Waterbed Mattress Guide
Waterbed mattresses were all the rage in America during the 1970s. They slowly died out as more and more people decided sleeping on such a mattress was uncomfortable. Yet now they are making a comeback as advanced technology has solved a lot of the earlier problems. But did you know that the waterbed mattress has been around since the 1800s? Well, it's true.
Reports of primitive water beds exist as far back as the early 19th century. References to waterbeds even appear in 1800s literature like the novel North and South, and in an article written by Mark Twain in 1871. The first known instance of a waterbed was not really a bed at all, rather it was a bathtub/bed combination invented by a Scottish doctor named Neil Arnott.
Arnott's Hydrostatic Bed was comprised of a tub of water covered by a waterproof piece of canvas. Normal bedding was placed on top of the canvas and patients would then lie on the bedding. The doctor used his invention as a means of preventing bed sores in invalids and others who were confined to a bed for long periods of time.
The modern version of the waterbed mattress known in modern America was patented in 1971. It quickly went to market and became one of the hottest bed for new buyers. Unfortunately, it also became synonymous with the hedonistic and pleasure-seeking culture of the hippie era.
Problems with Early Waterbed Mattresses
The waterbed mattresses manufactured in the 1970s and early 80s were nothing more than large plastic bags filled with water. The mattresses were contained by a wood frame which stood on a pedestal 6-12 inches off the floor. With nothing in the mattress to stop the free movement of water, waves were a common problem. For those who were easily seasick, this was a big issue. It could also be unpleasant for couples who had different sleeping styles and patterns. Every time one partner moved the other would be disturbed.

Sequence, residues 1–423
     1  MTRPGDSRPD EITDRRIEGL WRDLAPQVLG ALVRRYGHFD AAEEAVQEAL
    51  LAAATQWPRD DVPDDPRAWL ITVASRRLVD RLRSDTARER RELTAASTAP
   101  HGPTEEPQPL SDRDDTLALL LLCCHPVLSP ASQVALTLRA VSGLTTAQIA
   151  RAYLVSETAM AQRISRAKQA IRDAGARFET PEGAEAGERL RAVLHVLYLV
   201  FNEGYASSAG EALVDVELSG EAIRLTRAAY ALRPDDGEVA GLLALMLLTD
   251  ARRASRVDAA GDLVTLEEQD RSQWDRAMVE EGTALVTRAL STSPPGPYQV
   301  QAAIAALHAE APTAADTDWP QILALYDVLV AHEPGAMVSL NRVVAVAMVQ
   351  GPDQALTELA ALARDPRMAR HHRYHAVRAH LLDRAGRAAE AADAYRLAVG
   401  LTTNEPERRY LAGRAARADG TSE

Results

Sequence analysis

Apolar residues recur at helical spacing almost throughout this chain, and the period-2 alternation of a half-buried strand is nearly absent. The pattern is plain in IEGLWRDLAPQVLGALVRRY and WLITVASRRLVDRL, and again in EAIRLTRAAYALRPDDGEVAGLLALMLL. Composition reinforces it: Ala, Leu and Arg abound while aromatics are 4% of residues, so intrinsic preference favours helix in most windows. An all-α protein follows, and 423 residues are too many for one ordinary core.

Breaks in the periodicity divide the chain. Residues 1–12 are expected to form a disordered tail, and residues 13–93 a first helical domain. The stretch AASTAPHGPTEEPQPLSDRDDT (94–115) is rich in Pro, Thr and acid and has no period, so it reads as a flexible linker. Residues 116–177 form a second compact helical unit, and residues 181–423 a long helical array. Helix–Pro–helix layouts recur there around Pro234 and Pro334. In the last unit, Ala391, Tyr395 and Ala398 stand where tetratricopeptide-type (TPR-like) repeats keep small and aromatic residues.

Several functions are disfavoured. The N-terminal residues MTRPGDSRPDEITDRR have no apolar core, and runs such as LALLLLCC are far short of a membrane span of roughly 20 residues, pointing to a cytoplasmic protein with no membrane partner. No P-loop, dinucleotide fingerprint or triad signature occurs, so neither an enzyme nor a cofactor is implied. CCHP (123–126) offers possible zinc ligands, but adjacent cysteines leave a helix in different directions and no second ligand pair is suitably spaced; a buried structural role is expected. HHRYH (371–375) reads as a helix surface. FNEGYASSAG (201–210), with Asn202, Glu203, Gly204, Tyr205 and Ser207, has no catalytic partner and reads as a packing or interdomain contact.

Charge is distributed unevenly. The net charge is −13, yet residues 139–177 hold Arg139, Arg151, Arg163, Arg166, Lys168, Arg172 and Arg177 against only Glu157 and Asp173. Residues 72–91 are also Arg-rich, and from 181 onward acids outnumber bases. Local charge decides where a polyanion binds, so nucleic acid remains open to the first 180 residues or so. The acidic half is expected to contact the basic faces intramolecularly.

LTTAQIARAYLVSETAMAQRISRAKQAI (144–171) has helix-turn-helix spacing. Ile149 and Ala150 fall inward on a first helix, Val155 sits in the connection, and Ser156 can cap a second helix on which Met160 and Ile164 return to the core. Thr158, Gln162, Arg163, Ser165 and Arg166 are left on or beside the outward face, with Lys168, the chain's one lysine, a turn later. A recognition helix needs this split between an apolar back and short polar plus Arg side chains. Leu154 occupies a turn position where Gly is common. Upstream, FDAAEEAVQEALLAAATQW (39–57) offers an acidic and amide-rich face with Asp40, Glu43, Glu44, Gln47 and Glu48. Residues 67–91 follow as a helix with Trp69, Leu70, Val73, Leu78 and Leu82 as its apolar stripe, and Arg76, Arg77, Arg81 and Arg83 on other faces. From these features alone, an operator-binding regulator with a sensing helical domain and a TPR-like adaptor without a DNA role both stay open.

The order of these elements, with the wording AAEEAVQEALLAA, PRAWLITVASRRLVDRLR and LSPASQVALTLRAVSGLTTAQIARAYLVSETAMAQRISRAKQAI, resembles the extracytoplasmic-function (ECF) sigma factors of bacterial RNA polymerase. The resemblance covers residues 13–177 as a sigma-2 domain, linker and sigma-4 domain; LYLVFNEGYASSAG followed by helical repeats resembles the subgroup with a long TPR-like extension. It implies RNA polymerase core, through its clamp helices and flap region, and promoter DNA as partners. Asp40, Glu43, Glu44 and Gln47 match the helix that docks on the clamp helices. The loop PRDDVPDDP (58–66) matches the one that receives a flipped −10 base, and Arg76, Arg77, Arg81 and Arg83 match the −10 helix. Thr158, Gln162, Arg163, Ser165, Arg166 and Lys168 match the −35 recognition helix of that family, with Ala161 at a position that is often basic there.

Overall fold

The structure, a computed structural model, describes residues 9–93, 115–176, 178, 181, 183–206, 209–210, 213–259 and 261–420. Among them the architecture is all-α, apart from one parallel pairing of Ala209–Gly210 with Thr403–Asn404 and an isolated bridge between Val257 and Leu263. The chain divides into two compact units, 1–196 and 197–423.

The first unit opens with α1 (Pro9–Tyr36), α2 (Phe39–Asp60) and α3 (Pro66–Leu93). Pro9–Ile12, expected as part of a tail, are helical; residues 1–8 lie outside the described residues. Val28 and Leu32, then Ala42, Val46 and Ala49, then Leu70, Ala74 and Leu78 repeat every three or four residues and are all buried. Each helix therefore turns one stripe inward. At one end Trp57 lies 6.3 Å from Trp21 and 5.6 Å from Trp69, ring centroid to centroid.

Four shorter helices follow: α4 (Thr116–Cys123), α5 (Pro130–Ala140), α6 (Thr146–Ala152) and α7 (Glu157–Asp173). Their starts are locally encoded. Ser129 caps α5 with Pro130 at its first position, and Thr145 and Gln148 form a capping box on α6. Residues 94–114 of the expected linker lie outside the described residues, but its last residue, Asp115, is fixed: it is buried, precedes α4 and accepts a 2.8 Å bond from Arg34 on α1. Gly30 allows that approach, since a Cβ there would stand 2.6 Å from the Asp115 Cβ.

Temperature control was another issue for the early waterbed mattress as there was only one zone and one temperature control. Again, this was an issue for couples who preferred different water temperatures. One partner could be too cold, the other could be too warm, and it could be a source of constant argument. Many a couple gave up their waterbed mattress within a short time, returning to their old inner spring model.
New Waterbed Mattress Technology
New technology has erased almost all of the problems related to the old waterbed mattresses. First and foremost, waveless and semi-waveless mattresses are now being produced which limit the movement of water. Plastic and metal baffles divide the waterbed mattress into multiple compartments which contain water movement and keep it at a minimum. The baffling system means that partners don't feel one another's movements any more than they would on an inner spring mattress.
Temperature control has been improved with the construction of dual-zone mattresses. Dual-zone mattresses are really two mattresses in one. Each mattress has its own sidewalls, baffling system, and temperature control. An added benefit of a dual-zone mattress is that each partner can choose his or her firmness according to the amount of water inside the bag; dual-zone mattresses maybe one of the best things that ever happened to the waterbed mattress industry.
A third technology advancement comes in the way of soft sided mattresses. In the old days, the waterbed mattress was enclosed in a wood form with hard wood sides. Rails had to be installed over the sides of the bed to prevent leg injury when climbing in and out. While the rails prevented scrapes and cuts, it meant an extra hurdle to overcome. But today's soft-sided waterbed mattresses contain the bag inside a fabric casing that resembles a standard mattress. The days of climbing over rails are now long gone.
Water bed mattresses have come a long way since the 1970s. Now more than ever, they are comfortable, high quality, and definitely a bedding option worth considering. Who knows; you may even be able to relive the 1970s without getting seasick.